Vacuum pump maintenance general troubleshooting
In this section we propose general instructions on troubleshooting and pump maintenance. In addition, we discuss potential errors and their causes.
General operating information for vacuum pumps
The direction of motor rotation should be checked with the intake and outlet ports open prior to installing the pump. The drive shaft, seen from the motor end, should rotate counter-clockwise. Note the arrow on the motor or housing indicating the direction of rotation. If the motor turns in the wrong direction, this is rectified by interchanging two of the phases at the motor connection terminal block.
Causes of faults when the desired ultimate pressure is not achieved or is achieved too slowly
If the desired ultimate pressure is not reached at all in vacuum equipment or if it is reached only after an excessively long pumping period, then the following problems may be the reason:
- the vacuum system may be leaky or dirty,
- the pump may be dirty or damaged,
- the vacuum gauge may be defective.
If the desired ultimate pressure is reached only after a very long pump-down time, then
- the vacuum system may be dirty,
- the pumping line may be restricted or too small in diameter,
- the pump may be dirty or with too little capacity,
- the pumping speed may be restricted due to other causes.
In order to locate the fault, you should proceed by separating the evacuated vessel from the pump system and ensure that the pump system alone will reach ultimate pressure. If this does not reach ultimate pressure, refer to the individual pump sections for the type of pump in use.
Next you need to check the vessel and pipework/flange connections for leaks and contamination using, for example, the pressure rise method. Flange seals are known to be places at which leaks can appear the most easily, resulting from slight scratches and mechanical damage which initially appears insignificant. If the vessel is free of defects in this regard, then the measurement system will be checked for cleanliness (see page on Maintaining Gauges) .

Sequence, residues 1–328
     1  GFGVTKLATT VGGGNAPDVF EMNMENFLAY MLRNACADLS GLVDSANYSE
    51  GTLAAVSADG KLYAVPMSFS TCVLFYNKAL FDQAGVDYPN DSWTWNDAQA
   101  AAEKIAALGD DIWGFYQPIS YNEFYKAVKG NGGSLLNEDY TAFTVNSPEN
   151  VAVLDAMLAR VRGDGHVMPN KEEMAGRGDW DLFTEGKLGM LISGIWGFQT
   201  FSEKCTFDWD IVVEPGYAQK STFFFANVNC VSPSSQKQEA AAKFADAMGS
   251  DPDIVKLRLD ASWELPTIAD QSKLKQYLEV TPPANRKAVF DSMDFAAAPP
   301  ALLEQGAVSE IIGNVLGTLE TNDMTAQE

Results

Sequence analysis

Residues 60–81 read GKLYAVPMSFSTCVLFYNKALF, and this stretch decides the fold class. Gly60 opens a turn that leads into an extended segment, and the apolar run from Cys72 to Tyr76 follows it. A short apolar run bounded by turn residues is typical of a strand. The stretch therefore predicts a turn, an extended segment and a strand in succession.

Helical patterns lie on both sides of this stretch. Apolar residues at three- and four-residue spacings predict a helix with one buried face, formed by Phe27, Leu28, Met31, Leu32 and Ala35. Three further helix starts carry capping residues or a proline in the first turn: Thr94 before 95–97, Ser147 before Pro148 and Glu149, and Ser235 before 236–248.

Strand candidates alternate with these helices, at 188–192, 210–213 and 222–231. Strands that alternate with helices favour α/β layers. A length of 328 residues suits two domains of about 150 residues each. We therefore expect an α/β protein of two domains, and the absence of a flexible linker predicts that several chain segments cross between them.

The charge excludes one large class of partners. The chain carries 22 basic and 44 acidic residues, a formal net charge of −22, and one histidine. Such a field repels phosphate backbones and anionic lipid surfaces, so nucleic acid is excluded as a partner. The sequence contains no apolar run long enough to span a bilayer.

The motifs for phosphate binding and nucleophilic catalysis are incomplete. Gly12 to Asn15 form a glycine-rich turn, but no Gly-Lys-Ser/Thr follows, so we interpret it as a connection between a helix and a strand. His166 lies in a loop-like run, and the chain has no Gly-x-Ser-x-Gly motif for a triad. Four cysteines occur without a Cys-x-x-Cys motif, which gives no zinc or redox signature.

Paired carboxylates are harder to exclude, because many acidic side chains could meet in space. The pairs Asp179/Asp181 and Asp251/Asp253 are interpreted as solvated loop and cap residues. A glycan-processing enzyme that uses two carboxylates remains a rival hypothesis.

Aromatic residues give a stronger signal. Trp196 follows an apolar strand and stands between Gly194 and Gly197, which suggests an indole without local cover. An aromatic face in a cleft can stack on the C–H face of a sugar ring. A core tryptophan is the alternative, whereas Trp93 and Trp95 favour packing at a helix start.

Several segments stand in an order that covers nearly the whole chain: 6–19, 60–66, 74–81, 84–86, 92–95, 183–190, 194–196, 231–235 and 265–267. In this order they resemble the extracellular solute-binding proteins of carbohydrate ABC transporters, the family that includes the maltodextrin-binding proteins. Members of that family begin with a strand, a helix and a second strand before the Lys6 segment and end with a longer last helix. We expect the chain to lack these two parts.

Contamination of vacuum vessels and eliminating contamination
A commonly used procedure to detect contamination is to compare the pressure indication of one and the same vacuum gauge with and without a cold trap inserted in the line: Filling the cold trap with liquid nitrogen will cause the pressure to drop abruptly, by one power of ten or more, if the container is contaminated since the vapors will freeze out in the trap.
Eliminating contamination at metallic equipment
Metal components will usually exhibit traces of contamination by oil and greases. If these cannot be readily removed by pumping down the vessel, then an appropriate organic solvent (denatured alcohol is unsuitable in all cases) will have to be used for cleaning. Maximum cleanliness can be achieved with vapor baths such as those commonly found in industry. To achieve extremely low pressure ranges (< 10-7 mbar)the metal components will have to be baked out at temperatures of up to 200°C after cleaning. Seriously contaminated metal components will first have to be cleaned by cutting away or sandblasting the top surface. These methods risk that the surface area are treated will be increased through roughening and active centers may potentially be formed which would readily adsorb vapor molecules. Supplementary cleaning in the vapor bath is advisable. In some cases, electrolytic pickling of the surface may be beneficial. In the case of high vacuum components, it is necessary to ensure that the pickling does not turn into etching, which would seriously increase the surface area. Polishing surfaces which have been sandblasted is not necessary when working in the rough and medium vacuum ranges, since the surface plays only a subordinate role in these pressure regimes.